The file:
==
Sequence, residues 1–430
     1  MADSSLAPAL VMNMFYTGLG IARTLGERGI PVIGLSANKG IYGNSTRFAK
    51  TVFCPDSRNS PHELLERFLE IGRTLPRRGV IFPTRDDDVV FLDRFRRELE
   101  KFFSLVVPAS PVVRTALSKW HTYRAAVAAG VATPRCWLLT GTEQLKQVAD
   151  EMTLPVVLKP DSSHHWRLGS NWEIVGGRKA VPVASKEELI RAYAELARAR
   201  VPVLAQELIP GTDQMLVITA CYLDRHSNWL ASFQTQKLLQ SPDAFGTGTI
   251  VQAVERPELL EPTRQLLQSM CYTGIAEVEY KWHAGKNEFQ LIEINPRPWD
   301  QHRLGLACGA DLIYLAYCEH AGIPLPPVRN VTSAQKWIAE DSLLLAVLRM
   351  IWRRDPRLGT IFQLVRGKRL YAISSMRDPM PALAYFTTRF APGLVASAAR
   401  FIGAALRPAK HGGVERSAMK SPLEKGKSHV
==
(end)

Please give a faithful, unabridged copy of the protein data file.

Sequence, residues 1–430
     1  MADSSLAPAL VMNMFYTGLG IARTLGERGI PVIGLSANKG IYGNSTRFAK
    51  TVFCPDSRNS PHELLERFLE IGRTLPRRGV IFPTRDDDVV FLDRFRRELE
   101  KFFSLVVPAS PVVRTALSKW HTYRAAVAAG VATPRCWLLT GTEQLKQVAD
   151  EMTLPVVLKP DSSHHWRLGS NWEIVGGRKA VPVASKEELI RAYAELARAR
   201  VPVLAQELIP GTDQMLVITA CYLDRHSNWL ASFQTQKLLQ SPDAFGTGTI
   251  VQAVERPELL EPTRQLLQSM CYTGIAEVEY KWHAGKNEFQ LIEINPRPWD
   301  QHRLGLACGA DLIYLAYCEH AGIPLPPVRN VTSAQKWIAE DSLLLAVLRM
   351  IWRRDPRLGT IFQLVRGKRL YAISSMRDPM PALAYFTTRF APGLVASAAR
   401  FIGAALRPAK HGGVERSAMK SPLEKGKSHV